Our paperwork for our transfer to NYC was delayed through the holiday and we have yet to hear back on our acceptance. We should know soon! Of course, it’s hard to know what God has in store for a fledgling Native student ministry when our focus is shifting toward NYC.
Ask the Lord if he would raise up indigenous student leaders for this work through the group we sent to the conference!
"Dad! You're going too fast," hollered my friend affectionately from the third row of our rental Suburban. Seven of us from UM were on our way from Missoula to Toppenish, WA for the Nations Conference “Would Jesus Eat Frybread?”. My new Native friend had taken to calling me Dad. The others in the car picked up on this family language and soon our little delegation became a tribe.
The second annual WJEFcon brought together one hundred Native college students from over fifty tribes! During the weekend, I learned about worship, identity, and how Natives interact with the Gospel.
Last month I shared about a brief encounter I had with a Native student, and am excited how God has been working in his life since we met. He said that attending the conference was more than he could have hoped for and it helped him take a “first step” toward finding a faith of his own.
Growing up with one parent who believes in their traditional tribal religion and the other who practices Christianity has made it difficult for him to decide what he believes. He has tried unsuccessfully to keep a foot in each realm. He ends up pleasing one parent and not the other. The tension has caused him to step back from both ways to keep peace with his parents. This has left him with a spiritual void that he wants filled.
The conference addressed this type of struggle head on, asking if it’s possible to be Native and Christian. Would Jesus eat frybread? Would it be possible to worship Jesus and keep one’s ethnic identity? The short of it is an unequivocal “Yes.” God’s message of salvation is for every nation, tribe, people, and language (Revelation 7:9).
I am privileged to walk alongside this young Native man as a spiritual “dad” while he wrestles with faith. God promises that when we seek Him with our whole heart we will find Him, and I pray that this will happen soon for him.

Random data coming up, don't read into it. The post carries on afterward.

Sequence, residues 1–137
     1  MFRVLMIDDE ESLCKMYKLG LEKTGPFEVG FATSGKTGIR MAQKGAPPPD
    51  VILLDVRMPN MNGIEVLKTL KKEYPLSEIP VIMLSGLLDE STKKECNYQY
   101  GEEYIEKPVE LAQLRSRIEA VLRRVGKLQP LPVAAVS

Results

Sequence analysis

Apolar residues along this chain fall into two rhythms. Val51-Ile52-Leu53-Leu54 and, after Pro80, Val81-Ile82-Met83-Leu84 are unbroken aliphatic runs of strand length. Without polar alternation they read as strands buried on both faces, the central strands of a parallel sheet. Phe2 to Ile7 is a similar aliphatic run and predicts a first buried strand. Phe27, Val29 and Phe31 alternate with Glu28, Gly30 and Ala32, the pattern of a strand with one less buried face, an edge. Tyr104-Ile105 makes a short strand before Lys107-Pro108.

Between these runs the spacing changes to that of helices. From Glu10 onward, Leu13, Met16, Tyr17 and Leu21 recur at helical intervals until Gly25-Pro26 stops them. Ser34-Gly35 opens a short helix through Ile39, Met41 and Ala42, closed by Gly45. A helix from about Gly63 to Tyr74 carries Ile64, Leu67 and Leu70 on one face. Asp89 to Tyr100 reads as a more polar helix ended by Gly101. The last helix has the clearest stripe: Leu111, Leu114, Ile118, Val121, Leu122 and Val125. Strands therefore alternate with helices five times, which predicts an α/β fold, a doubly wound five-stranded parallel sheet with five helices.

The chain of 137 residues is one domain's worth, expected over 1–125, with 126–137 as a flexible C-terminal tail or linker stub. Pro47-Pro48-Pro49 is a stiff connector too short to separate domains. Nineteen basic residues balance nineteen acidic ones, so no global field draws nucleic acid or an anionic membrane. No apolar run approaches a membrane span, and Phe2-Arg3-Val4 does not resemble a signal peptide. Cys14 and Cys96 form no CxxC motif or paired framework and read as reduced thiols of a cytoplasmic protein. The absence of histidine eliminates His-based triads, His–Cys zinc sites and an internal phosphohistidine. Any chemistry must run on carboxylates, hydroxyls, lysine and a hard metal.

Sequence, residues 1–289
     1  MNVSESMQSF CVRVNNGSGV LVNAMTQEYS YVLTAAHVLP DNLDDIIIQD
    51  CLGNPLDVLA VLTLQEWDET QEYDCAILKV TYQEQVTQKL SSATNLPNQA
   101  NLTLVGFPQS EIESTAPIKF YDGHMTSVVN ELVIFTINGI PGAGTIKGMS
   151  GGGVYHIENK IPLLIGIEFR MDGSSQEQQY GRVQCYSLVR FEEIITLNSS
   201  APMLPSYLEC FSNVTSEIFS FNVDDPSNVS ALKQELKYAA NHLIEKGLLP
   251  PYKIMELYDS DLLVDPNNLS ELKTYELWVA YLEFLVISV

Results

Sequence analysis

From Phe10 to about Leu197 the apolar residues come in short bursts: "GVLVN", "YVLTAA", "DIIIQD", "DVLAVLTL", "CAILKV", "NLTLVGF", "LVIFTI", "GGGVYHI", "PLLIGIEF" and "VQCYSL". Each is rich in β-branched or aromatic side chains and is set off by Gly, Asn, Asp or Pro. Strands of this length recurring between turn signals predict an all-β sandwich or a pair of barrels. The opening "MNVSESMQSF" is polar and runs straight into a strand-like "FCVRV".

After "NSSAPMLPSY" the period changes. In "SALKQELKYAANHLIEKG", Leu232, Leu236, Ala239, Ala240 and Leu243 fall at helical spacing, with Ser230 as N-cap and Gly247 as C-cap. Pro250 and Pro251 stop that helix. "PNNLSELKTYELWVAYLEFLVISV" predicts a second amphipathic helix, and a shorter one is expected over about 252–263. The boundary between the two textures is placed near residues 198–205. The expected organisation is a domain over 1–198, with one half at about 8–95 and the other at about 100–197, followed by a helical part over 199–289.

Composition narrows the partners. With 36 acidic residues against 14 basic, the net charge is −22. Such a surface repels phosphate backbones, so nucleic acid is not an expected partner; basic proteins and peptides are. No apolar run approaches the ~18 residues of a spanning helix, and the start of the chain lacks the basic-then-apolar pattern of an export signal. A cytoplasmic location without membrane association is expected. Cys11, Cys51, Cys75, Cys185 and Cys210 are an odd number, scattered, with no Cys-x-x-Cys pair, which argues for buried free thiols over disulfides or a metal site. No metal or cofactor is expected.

One night after my weekly bible study a student approached me in the residence hall asking if I had a screw driver he could borrow. He had a long black pony-tail and stood eye level with me. My response was a blunt, “Are you a Native American?”
“Yeah. Why do you ask?” He said looking perplexed.
I was caught off-guard too. I didn’t expect to respond to his question with another question, much less the one I had just blurted out.
Earlier that day my staff team had challenged me to attend a conference for Native students hosted by a Cru ministry called Nations. They asked if I would be willing to bring Native students with me since it was actually a conference for them more than it was for me. This was in my head when he walked up, so I guess I jumped at the opportunity.
He went on, “I’m actually half white and half Native. I’m from the Blackfoot tribe up in Browning.”
“Awesome. Well, the reason I asked is because I work with a community on campus that talks about God and spirituality. I assume you have some spiritual background then?” I didn’t waste a breath getting to the point.
“I sure do. My mom is a Christian and my dad is a medicine-man.” He said without hesitating.
We continued for nearly forty-five minutes and he shared at depth about the how he has experienced the positive and negative effects of living on a reservation, including his encounters with Christians and tribal religion.
I pressed in and asked, “Would you say you’ve actually met with God personally?”
He paused for a moment, then said, “You know, I haven’t yet, and that really upsets me about it all. I feel like I’m seeking God but he hasn’t revealed himself. I don’t understand why.”
I was honored to hear the story of a young Native man in the midst of searching for the Creator Himself. As I was leaving he remarked that while we were talking he felt his skin tingling all over. It seems that we had been standing on sacred ground.
Native Americans are our campus’ largest ethnic minority with over 500 students enrolled. This ranks us in the top ten largest Native enrollments in the country. I have much to learn and even some deep heart work to be done regarding my own attitudes toward First Nations people. Would you join me in trusting that Jesus’ name would be known among this special community?